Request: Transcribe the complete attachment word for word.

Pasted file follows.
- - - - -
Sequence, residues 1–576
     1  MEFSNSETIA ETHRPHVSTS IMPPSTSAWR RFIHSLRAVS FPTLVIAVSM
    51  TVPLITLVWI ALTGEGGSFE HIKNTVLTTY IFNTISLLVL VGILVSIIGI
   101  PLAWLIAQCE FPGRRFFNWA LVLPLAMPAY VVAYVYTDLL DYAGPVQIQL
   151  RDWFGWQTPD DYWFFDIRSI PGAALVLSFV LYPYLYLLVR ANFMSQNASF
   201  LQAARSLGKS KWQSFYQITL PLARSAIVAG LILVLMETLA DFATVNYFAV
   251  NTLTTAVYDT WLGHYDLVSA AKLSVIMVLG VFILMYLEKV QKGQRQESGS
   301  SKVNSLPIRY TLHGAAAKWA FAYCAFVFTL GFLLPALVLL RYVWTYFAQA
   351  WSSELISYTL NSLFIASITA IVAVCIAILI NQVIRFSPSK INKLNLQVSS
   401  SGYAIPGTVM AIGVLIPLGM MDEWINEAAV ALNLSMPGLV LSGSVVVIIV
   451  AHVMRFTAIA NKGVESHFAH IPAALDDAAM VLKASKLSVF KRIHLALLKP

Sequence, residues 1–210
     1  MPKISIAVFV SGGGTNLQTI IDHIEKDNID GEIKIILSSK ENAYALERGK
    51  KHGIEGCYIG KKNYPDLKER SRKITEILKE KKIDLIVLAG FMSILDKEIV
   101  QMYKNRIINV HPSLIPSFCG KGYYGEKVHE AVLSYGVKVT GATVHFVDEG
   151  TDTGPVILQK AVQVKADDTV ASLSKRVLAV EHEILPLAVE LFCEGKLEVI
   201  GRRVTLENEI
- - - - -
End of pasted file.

Sequence, residues 1–576
     1  MEFSNSETIA ETHRPHVSTS IMPPSTSAWR RFIHSLRAVS FPTLVIAVSM
    51  TVPLITLVWI ALTGEGGSFE HIKNTVLTTY IFNTISLLVL VGILVSIIGI
   101  PLAWLIAQCE FPGRRFFNWA LVLPLAMPAY VVAYVYTDLL DYAGPVQIQL
   151  RDWFGWQTPD DYWFFDIRSI PGAALVLSFV LYPYLYLLVR ANFMSQNASF
   201  LQAARSLGKS KWQSFYQITL PLARSAIVAG LILVLMETLA DFATVNYFAV
   251  NTLTTAVYDT WLGHYDLVSA AKLSVIMVLG VFILMYLEKV QKGQRQESGS
   301  SKVNSLPIRY TLHGAAAKWA FAYCAFVFTL GFLLPALVLL RYVWTYFAQA
   351  WSSELISYTL NSLFIASITA IVAVCIAILI NQVIRFSPSK INKLNLQVSS
   401  SGYAIPGTVM AIGVLIPLGM MDEWINEAAV ALNLSMPGLV LSGSVVVIIV
   451  AHVMRFTAIA NKGVESHFAH IPAALDDAAM VLKASKLSVF KRIHLALLKP

Sequence, residues 1–210
     1  MPKISIAVFV SGGGTNLQTI IDHIEKDNID GEIKIILSSK ENAYALERGK
    51  KHGIEGCYIG KKNYPDLKER SRKITEILKE KKIDLIVLAG FMSILDKEIV
   101  QMYKNRIINV HPSLIPSFCG KGYYGEKVHE AVLSYGVKVT GATVHFVDEG
   151  TDTGPVILQK AVQVKADDTV ASLSKRVLAV EHEILPLAVE LFCEGKLEVI
   201  GRRVTLENEI